By: Charles Soule (story), Kano (art), Alvaro Lopez (inks), Matthew Wilson (colors)
The Story: There’s only way to stop crazed inebriates—throw in some narcotics!
The Review: After all the creative shakeups at DC lately, many of them disappointing and poorly explained, the optimists can still breathe a sigh of relief to know that at least one solid new writer remains on a suitable title. After all, in terms of recognition and acclaim, Soule is about the equal of Ales Kot, and although Swamp Thing does manage better sales than Suicide Squad, we’re not talking an astronomical difference here.
If I can grasp at anything that might explain why Kot is getting axed and Soule is not, it may be how smoothly Soule developed his vision for Swamp Thing from Scott Snyder’s, in contrast to Kot’s radicalization of the Suicide Squad. Longtime fans can appreciate the freshness Soule brings to the series, but still enjoy the essence of what they’ve been reading since day one. You don’t get easy transitions like this all the time, that’s for sure.
The best thing Soule has done for the eponymous monster-man is populate his world. Snyder’s Swamp Thing was largely a solo act, with only Abigail Arcane to break the title’s isolation. It’s hard to get a well-rounded sense of a character in that kind of vacuum, so Alec always seemed a bit distant from us. Having him interact with other strong personalities, like Scarecrow, Superman, or Constantine, lets him display a lot more range: contempt, sarcasm, uncertainty, self-deprecation, impatience, anger…basically, the qualities that make us human.
Keeping Swamp Thing’s humanity in focus becomes more crucial the as his body decreasingly resembles anything human. Here, he goes through several forms, from a dismembered, skeletal husk, to a mere seed, to an entire moving landscape, not unlike a primeval god. The one constant he retains is his voice, translating unnatural experiences into more accessible terms, like the use of his last wisps of power feeling as if he’s “prying my kneecap off with a spoon.”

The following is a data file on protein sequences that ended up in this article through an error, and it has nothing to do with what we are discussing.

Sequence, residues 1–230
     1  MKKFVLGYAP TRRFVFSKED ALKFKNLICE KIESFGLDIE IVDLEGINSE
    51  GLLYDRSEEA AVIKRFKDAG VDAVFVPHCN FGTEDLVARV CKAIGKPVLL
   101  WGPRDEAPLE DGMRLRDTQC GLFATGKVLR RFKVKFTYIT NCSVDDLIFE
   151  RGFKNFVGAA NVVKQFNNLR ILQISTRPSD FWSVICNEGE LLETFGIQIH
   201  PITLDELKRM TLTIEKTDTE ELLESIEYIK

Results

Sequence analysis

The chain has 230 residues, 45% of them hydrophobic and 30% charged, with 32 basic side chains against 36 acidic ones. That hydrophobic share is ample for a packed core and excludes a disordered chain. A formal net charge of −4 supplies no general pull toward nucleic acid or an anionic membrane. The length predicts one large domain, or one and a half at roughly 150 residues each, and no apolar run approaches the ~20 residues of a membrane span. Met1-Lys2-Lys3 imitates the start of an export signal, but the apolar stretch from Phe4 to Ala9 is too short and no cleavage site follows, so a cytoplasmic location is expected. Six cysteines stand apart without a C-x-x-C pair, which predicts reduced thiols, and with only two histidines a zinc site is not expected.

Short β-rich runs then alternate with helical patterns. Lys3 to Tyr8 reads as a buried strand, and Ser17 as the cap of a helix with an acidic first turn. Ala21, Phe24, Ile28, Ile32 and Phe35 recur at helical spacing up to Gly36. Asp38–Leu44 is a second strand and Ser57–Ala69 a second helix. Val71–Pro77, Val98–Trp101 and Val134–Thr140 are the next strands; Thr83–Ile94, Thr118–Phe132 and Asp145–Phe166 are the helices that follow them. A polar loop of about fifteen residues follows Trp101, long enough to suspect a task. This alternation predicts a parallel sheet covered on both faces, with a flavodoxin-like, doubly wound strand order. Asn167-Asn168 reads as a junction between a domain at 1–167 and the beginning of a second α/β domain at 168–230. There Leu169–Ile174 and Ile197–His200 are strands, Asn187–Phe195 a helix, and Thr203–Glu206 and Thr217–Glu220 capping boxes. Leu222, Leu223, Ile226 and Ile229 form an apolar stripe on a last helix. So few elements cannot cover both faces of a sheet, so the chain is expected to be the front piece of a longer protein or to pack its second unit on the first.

Soule has the same comfort level with pretty much every character he works with. There’s a logic to his storytelling choices which shows that he not only has good ideas, but the thought to back it up, too. Good example: you wouldn’t usually see Constantine as someone who’d take needless risks or lose control of himself, but it makes total sense that he’d never pass up the chance to take a nip of some magic liquor and that it’d play on his even greater thirst for power.
The issue does fall short in several areas. It doesn’t really challenge Alec’s ethical values as much as the story acts like it does. It seems odd that he’d view the young Reginald Crawford is the only redeeming resident of Fetters Hill, when it’s quite obvious none of the townspeople can be blamed for their actions. The story also has a lack of resolution, as Alec simply skips town after cleaning up Seeder’s mess, without addressing Fetters’ doomed fate. Since Soule milked that point for all its pathos last month, it seems like a cop-out to just leave the town’s future hanging once Alec finishes the task he came for.
While Kano’s art is far from unpleasant, he’s not always consistent with how much realism he puts into his work, and there’s a distinct tinge of cartooniness to his style overall. If this was your conventional superhero series, you’d probably not care much for the visuals, but since Swamp Thing is closer to Vertigo than to mainstream DC, Kano’s art fits right in. In fact, the slight exaggeration of the characters’ features and expressions only add to their menace, though Wilson’s flickering lighting may have something to do with that as well.
Conclusion: A well-crafted issue and storyline, though it doesn’t quite live up to its ambitions. It’s clear, however, that in terms of both story and art, Swamp Thing still has a very bright future ahead as one of DC’s smarter titles.
– Minhquan Nguyen
Some Musings: – Can I just say how much I love Swamp Thing fighting liquor with opiates? Brilliant.
– I never thought of Swamp Thing having a secret identity, but it’s true that very few people know his former life as Alec Holland. Which makes Seeder’s direct address to him as “Professor” all the more unnerving. Could Seeder have some connection to Alec’s human past?